Descriptions of the bunyip vary wildly, variously incorporating scales, fur or feathers, a variety of colours including black, brown and green, and varied sizes and shapes such as a humanoid, a seal or a large dog. Aboriginal legend generally regards them as water spirits (the word bunyip is generally translated as ‘evil spirit’, although this varies across the more than 200 different languages used by the indigenous peoples of Australia), but other stories suggest that they are a corporeal animal.
One aspect of the story that remains consistent, however, is that they inhabit bodies of water, including swamps, creeks and billabongs, and prey on those foolish enough to stray too close, particularly children. In this regard, they resemble other ‘drowners’ found in folklore worldwide, such as the Japanese kappa, Scottish kelpie or the water witch known as ‘Jenny Greenteeth‘ from Northern England. In this regard, bunyip likely draw much of their inspiration from a common purpose of folk creatures living in water worldwide: to warn children away from dangerous bodies of water, or to account for otherwise unexplained drownings.
Tales of the bunyip first passed from Aboriginal peoples to European settlers during the early 19th century. The earliest written account from a European witness came in 1818, when explorer Hamilton Hume claimed to have found the bones of a strange, aquatic creature on the shore of Lake Bathurst, describing them as resembling a hippopotamus. While the Philosophical Society of Australasia offered to cover Hume’s costs to retrieve the remains, they were not recovered.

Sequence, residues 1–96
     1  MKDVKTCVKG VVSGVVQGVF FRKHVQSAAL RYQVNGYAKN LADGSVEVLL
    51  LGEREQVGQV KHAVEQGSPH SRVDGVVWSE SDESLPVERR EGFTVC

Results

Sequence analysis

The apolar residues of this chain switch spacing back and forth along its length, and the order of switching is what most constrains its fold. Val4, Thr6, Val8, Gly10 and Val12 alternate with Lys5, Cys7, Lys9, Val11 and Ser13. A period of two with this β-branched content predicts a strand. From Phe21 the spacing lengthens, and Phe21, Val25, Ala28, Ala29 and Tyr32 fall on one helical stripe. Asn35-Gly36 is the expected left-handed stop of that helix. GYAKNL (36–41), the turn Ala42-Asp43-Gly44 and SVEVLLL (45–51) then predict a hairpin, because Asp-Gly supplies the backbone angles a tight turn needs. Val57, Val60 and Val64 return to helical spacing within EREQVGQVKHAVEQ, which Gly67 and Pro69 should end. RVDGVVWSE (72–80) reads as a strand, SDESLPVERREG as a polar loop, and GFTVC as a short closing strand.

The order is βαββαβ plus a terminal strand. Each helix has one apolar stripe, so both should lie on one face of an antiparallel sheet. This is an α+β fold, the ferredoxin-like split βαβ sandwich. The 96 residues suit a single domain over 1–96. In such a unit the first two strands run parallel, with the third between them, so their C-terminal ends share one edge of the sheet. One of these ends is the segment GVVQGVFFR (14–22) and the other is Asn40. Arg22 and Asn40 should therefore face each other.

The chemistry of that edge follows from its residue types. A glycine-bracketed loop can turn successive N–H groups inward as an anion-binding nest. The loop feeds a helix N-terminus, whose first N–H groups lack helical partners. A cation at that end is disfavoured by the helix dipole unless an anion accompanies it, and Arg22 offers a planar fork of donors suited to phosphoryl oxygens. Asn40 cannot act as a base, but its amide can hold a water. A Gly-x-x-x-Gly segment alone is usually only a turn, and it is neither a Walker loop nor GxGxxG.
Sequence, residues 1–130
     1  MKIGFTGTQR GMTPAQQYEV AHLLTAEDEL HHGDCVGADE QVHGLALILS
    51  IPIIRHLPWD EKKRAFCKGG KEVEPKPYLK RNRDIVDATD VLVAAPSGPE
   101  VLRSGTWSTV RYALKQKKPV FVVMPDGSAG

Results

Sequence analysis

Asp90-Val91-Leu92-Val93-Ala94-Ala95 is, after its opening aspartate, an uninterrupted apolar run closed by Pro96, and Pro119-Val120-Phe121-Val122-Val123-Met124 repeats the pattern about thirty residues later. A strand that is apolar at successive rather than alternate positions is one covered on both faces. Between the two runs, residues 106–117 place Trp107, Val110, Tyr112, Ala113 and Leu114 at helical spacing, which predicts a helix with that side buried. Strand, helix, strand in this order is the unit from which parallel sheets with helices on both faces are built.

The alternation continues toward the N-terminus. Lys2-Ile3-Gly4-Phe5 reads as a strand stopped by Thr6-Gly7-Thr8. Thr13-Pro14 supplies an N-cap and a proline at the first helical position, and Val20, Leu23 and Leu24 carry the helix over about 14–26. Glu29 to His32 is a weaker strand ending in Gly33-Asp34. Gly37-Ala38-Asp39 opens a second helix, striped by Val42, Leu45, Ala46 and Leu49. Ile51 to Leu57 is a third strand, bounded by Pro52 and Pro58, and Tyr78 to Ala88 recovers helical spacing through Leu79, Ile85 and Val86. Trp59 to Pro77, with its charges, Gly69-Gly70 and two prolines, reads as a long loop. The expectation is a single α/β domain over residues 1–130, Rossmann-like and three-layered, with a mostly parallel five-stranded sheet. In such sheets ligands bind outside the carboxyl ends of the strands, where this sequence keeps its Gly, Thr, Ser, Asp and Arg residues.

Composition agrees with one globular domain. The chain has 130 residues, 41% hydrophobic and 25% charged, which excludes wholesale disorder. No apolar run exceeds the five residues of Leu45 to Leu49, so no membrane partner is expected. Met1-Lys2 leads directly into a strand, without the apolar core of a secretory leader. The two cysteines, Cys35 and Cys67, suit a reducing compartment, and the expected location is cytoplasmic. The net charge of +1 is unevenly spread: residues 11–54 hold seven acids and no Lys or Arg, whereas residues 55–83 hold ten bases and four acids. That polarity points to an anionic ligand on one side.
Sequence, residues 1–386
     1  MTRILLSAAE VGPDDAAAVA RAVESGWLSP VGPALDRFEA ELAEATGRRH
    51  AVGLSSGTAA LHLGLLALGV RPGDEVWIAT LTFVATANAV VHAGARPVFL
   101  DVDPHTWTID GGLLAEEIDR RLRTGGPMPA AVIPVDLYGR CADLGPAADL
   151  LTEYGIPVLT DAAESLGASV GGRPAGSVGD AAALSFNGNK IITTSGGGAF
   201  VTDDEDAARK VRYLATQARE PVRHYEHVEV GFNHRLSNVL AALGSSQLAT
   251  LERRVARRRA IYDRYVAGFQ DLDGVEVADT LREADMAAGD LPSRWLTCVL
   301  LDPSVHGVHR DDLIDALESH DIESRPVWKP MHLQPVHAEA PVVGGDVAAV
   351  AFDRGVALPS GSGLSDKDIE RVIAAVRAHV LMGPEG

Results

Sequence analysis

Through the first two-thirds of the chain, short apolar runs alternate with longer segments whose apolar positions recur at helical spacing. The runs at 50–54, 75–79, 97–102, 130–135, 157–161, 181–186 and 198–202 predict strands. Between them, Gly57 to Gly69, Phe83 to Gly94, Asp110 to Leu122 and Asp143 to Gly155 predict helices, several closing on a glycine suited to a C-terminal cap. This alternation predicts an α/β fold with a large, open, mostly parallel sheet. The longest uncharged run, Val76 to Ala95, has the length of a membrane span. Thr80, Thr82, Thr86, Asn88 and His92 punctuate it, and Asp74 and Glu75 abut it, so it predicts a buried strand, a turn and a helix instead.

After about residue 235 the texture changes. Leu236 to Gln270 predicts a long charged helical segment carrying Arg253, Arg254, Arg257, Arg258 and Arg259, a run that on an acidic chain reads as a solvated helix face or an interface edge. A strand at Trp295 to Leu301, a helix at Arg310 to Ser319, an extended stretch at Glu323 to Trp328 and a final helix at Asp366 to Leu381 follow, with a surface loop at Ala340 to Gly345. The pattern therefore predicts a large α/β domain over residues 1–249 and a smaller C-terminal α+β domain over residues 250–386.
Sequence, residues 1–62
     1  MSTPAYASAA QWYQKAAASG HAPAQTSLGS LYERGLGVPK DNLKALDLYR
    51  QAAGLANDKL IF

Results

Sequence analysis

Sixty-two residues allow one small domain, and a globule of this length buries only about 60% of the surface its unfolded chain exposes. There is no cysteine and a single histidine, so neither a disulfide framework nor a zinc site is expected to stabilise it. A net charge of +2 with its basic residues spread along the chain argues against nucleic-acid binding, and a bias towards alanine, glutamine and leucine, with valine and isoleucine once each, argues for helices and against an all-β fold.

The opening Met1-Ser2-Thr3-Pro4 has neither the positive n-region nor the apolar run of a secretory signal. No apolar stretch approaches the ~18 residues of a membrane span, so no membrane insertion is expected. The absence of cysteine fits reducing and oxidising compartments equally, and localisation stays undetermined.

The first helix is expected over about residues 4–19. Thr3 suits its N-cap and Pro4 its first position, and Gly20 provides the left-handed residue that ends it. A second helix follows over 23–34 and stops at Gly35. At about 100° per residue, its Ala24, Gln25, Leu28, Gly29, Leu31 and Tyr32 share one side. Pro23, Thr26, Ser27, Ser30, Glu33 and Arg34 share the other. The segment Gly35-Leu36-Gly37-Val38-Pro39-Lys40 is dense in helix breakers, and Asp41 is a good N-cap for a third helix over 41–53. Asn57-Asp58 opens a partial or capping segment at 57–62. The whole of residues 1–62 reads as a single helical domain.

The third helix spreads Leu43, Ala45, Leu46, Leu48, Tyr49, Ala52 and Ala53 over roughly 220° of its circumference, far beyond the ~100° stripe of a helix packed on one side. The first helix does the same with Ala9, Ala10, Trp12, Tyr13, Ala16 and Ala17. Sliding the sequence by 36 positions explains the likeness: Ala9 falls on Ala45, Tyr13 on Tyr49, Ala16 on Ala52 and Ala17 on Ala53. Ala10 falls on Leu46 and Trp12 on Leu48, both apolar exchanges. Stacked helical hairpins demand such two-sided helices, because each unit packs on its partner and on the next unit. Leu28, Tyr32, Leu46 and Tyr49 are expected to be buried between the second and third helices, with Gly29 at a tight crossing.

In 1830, fossils were found in the Wellington Caves by explorer Thomas Mitchell. However, they were later identified as fossils of extinct marsupial species Nototherium and Diporotodon. It was not until 1845 that a written account refers specifically to an unknown animal as a bunyip, again following the discovery of fossils. The Geelong Advertiser reported that on seeing the bones, a local native identified them as those of the bunyip, claiming that one such creature had been responsible for the death of a woman some years earlier.
Two years later, the Australian Museum took delivery of a deformed skull that appeared initially to be unknown to science, with the man that had discovered it claiming that every aborigine he had shown it to had identified it as a bunyip skull. It was soon identified as the deformed fetal skull of a calf or foal. In 1852, escaped convict William Buckley, who had lived amongst the Wathaurong tribe for thirty years, claimed to have witnessed a large animal that dwelt in waterways, although never seeing more than its back as it broke the surface.
As previously referenced, the fossils of Pleistocene marsupials such as Diprotodon appear to be the most likely explanation for enduring stories of the bunyip. Believed to still survive in Australia until as recently as 46,000 years ago, it is likely that the Aboriginal peoples retain some cultural memory of the species. Others believe that small populations endure in the remote areas of Australia. Seals have also been recorded relatively far inland in Australian waterways, another potential progenitor of stories regarding a strange water creature.